States try to boost postsecondary education with free tuition, scholarships; Washington employers rely on trained workforce

Earlier we reported on research identifying an unprecedented number of job openings in our state over the next five years. And the study also identified that too few Washington students lacked the postsecondary training and education necessary to fill most of those jobs.

The Washington economy will provide 740,000 job openings in the next five years, according to a study released today by the Washington Roundtable and the Boston Consulting Group (full reportfact sheetvideomore). But for students in Washington classrooms today to claim those jobs, the study concludes, they will need to earn a postsecondary credential.

Currently, fewer than one-third of Washington students go on to complete a training program or college after high school. That number must double if our students are going to be prepared for the best jobs.

In a Stateline article today, Sophie Quinton writes that many states are also attempting to increase postsecondary enrollments by reducing the cost to students.

States that have created scholarships to make community college tuition-free are starting to see the impact on college enrollment…

Some 150 communities have established free college programs, according to the College Promise Campaign, a nonpartisan effort launched by Obama last year.

There are obvious fiscal challenges to implementing the strategy.

Communities have grappled with how to fund these programs. The Tennessee and Minnesota programs operate as “last dollar” scholarships, with the state stepping in to pay any tuition that’s not already covered by state and federal grants. Oregon’s program operates the same way, but adds a minimum $1,000 grant for each student. 

She reports that it will take some time to identify the costs to taxpayers. Other considerations include whether the programs divert students from four-year programs to start at “free” community college and whether the programs are benefitting low- or middle-income students.  Washington policymakers stand to learn from their experiences.

Last April, the National Conference on State Legislatures reported on states that were considering or had implemented some form of tuition-free community college, citing data that reinforces findings for Washington state.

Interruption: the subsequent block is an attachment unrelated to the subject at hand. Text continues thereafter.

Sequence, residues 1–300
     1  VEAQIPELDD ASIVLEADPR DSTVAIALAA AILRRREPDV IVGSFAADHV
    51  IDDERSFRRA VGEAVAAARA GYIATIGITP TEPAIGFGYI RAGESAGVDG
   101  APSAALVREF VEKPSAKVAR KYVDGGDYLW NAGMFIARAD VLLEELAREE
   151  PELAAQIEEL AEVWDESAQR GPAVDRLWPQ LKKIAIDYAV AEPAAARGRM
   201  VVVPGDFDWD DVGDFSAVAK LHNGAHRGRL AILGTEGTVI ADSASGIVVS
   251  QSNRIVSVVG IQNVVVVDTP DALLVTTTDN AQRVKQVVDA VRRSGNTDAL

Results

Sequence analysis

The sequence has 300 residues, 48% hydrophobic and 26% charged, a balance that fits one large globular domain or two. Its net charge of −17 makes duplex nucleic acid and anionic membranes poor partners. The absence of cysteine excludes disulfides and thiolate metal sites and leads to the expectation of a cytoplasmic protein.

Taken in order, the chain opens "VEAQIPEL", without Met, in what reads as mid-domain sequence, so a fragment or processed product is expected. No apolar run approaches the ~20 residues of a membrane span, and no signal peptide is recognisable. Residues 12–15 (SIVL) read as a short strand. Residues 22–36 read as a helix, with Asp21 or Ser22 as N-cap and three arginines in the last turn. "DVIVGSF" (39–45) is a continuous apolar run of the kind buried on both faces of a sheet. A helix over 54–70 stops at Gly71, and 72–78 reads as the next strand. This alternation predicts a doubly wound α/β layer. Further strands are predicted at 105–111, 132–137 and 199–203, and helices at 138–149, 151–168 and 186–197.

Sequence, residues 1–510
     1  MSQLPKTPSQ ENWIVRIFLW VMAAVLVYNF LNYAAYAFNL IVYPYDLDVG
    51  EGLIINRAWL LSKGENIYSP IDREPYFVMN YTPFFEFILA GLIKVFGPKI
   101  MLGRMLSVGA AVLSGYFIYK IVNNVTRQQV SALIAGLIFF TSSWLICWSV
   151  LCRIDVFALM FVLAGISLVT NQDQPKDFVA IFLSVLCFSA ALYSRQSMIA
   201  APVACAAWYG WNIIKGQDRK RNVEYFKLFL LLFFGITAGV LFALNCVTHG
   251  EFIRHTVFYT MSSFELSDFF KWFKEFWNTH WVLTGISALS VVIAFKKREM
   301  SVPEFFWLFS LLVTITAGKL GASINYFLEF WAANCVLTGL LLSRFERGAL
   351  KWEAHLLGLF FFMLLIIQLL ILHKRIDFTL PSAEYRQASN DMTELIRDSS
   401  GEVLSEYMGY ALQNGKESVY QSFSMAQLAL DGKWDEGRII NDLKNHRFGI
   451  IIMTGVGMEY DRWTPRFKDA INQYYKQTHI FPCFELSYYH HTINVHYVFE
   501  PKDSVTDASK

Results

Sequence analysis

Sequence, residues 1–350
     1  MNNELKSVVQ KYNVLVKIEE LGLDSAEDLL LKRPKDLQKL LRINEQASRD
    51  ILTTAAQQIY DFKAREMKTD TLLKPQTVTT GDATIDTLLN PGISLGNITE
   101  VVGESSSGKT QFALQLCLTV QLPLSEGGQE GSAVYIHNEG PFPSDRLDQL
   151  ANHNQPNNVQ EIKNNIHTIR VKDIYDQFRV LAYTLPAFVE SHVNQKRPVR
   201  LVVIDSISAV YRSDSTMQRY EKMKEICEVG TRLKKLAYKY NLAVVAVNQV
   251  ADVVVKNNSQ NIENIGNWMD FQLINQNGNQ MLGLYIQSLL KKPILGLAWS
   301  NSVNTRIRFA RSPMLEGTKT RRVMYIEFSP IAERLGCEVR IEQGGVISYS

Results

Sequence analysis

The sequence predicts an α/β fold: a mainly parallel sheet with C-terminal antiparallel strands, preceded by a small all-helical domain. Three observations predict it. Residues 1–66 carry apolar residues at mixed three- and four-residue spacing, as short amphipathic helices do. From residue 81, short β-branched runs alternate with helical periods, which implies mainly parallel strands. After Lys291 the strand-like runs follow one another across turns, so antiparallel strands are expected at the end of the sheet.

States have been designing interesting and innovative strategies to provide low-cost or no-cost tuition for community colleges and help students begin to earn community college credits while still in high school.  

State legislators are paying more attention than ever before to providing the opportunity for all citizens to have access to postsecondary opportunities. While a high school degree used to be adequate for many jobs, research estimates that by 2020 nearly 70 percent of all jobs will require some kind of post-secondary training, certificate, or degree. For this reason, states have been considering many strategies for improving opportunities for students to have options for both college and careers after high school. 

As the Washington Roundtable/BCG study demonstrates, these are not hypothetical jobs. They are real opportunities for qualified Washington students right now. And, as the Puget Sound Business Journal reports today, the lack of a trained workforce has consequences for economic development.

Juno Therapeutics (Nasdaq: JUNO) earlier this year warned its future as a Seattle company was uncertain because of Washington tax policy and the state’s inability to train enough workers to support growing firms…

Right now, Juno hires 50 percent of its new employees from outside Washington state. Improving the state’s production of qualified workers could keep companies such as Juno in the state. 

The PSBJ story reports on the two gubernatorial candidates’ ideas for addressing the challenge. There’s no question that it will be a major 2017 legislative issue, even as lawmakers work to fully fund K-12 basic education.